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Open mic tips

Discussion in 'General Instruction [BG]' started by Linkmet220, Mar 29, 2016.

  1. Linkmet220


    Mar 29, 2016
    So, I have been practicing the bass for roughly 6 months now. Last sunday was my first ever open mic night at a local bar, now would anyone be willing to give me advice playing live and by ear?
  2. two fingers

    two fingers Opinionated blowhard. But not mad about it. Suspended Gold Supporting Member

    Feb 7, 2005
    Eastern NC USA
    Hey Welcome to TalkBass!

    Couple questions.

    Is bass your first instrument?
    Was Sunday your first live performance?
    Do you have any friends who play guitar or drums you could jam with up there on stage?
    JGbassman likes this.
  3. Linkmet220


    Mar 29, 2016
    Bass is my first instrument
    Sunday was my first live performance, I mostly played by feel, from what others said I, "had the feel" of being a bass player but, again I've only been playing 6 months so I don't know what exactly that means.
    I do not, due to my odd work schedule but since its open mic night its not hard finding people who will play.
  4. two fingers

    two fingers Opinionated blowhard. But not mad about it. Suspended Gold Supporting Member

    Feb 7, 2005
    Eastern NC USA

    Well, if you are familiar with chord structures of basic songs you should be fine. In my experience open mic stuff is one of three things.....

    1) I, IV, V (1, 4, 5) blues jams

    2) A freestyle "jam" where one guy (usually a guitar player) will give a brief explanation of the chord structure and then take off into the song.

    3) A prepared song that a band knows or a standard cover song "everybody knows" (a structured cover or original)

    I think at the level you are currently 2 and 3 might be your thing....unless you just happen to be into blues and have played some of it.

    So just go and strike up a conversation with somebody there. Find out if you know own a song they do. Or talk up and chord progression you can all jam to.

    I was the house bass player for an open mic night for years. Most folks who come to them are pretty open minded and like to see new guys up there getn it done. And they usually don't expect perfection.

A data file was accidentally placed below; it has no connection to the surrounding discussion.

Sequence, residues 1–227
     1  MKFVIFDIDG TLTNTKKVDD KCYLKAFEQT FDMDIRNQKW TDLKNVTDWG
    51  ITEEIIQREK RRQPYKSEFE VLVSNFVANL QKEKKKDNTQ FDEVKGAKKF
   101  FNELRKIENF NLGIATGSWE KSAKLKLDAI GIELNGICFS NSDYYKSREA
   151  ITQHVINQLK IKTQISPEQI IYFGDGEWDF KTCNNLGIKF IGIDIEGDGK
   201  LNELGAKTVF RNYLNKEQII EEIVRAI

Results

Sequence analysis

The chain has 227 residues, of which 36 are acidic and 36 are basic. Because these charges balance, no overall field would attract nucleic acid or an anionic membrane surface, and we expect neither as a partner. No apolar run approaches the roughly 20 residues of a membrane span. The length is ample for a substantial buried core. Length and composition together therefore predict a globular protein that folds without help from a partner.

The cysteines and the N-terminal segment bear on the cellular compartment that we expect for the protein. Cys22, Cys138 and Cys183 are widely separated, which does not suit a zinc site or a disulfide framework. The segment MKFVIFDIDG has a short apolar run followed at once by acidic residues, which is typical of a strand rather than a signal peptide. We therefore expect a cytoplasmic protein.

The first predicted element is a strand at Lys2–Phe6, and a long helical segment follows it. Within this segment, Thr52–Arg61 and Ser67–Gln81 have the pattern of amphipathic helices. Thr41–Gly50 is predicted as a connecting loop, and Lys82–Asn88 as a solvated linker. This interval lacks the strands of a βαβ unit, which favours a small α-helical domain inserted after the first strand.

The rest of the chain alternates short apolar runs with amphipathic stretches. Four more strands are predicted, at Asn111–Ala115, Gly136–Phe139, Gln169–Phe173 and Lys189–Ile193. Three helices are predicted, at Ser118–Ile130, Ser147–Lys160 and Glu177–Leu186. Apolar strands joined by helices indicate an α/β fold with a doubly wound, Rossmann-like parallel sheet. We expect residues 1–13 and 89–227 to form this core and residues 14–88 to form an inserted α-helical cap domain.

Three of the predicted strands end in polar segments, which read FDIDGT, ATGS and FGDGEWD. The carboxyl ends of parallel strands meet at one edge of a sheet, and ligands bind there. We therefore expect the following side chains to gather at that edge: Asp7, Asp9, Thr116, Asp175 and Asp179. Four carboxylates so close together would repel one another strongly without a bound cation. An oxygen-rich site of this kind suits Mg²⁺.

So just have fun. Report back after this week!
  5. Practice suggestions to prepare for open mic night:

    • Turn the radio on to a random channel, close your eyes, and pretend you are on stage at the open mic! :)
    • "Sit out" (don't play) on the first verse or chorus. Nod your head up and down and smile at the singer or band-leader, like you are really grooving on what they are playing. Spend this time really listening to the song and planning what you are going to play in verse 2 and beyond.
    • If you have children or pets, practice with them as your audience. If you live alone, perform for your house plants or in front of the mirror.
    • Make an audio or video recording of yourself, and then play it back, pretending it is a stranger you are hearing for the first time at open mic night. What tips/suggestions would you give yourself?
    Last edited: Mar 30, 2016
    BBQisgood likes this.
  6. If you can sing at all, and my guess is that you can, learn a song or two that you can do solo. I can't get out of an open mic without doing "Boris the Spider".
    BBQisgood and Mushroo like this.
  7. petrus61

    petrus61 Supporting Member

    Make it a point to learn and practice blues progressions, forms and especially turn arounds. Blues get called on a lot at open mic's and learning it also helps to broaden your repertoire. Much of western pop has its roots there and learning it expanded my vocabulary and approach to music drastically. It's not the first thing I choose to listen to necessarily but playing it with skilled musicians is very enjoyable for me.